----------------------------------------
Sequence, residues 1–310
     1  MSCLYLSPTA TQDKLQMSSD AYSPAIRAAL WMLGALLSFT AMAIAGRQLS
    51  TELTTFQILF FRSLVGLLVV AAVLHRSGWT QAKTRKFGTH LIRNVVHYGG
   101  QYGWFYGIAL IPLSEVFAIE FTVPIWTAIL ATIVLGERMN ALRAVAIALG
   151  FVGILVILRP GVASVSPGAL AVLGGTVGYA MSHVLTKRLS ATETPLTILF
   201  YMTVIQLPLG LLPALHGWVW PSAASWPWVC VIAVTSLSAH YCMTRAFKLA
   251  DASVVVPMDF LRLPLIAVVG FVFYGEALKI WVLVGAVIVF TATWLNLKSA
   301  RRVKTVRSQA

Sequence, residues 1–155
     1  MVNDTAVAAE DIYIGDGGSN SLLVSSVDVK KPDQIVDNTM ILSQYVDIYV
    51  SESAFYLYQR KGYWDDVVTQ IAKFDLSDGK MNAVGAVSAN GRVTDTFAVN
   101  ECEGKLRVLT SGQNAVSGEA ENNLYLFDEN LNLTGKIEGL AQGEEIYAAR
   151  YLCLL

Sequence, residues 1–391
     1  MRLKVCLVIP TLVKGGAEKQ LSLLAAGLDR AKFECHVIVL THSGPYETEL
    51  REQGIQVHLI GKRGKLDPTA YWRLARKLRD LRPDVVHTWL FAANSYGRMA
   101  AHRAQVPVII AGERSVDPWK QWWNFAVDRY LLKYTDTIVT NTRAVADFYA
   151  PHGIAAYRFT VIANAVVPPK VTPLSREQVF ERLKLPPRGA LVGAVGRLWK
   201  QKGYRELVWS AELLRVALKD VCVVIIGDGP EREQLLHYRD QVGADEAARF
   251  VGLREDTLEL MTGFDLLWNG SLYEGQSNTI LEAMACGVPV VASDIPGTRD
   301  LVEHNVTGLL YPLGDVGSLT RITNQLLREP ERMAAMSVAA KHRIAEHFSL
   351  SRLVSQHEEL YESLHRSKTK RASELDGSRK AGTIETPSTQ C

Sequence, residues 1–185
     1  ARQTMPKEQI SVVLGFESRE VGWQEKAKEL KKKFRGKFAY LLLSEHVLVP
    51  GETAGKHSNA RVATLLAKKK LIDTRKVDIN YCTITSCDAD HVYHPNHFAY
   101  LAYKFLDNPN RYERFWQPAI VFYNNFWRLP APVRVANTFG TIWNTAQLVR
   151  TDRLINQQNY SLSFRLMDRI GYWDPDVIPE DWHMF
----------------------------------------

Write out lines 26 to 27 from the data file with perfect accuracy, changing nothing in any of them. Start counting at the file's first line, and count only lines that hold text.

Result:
   101  LAYKFLDNPN RYERFWQPAI VFYNNFWRLP APVRVANTFG TIWNTAQLVR
   151  TDRLINQQNY SLSFRLMDRI GYWDPDVIPE DWHMF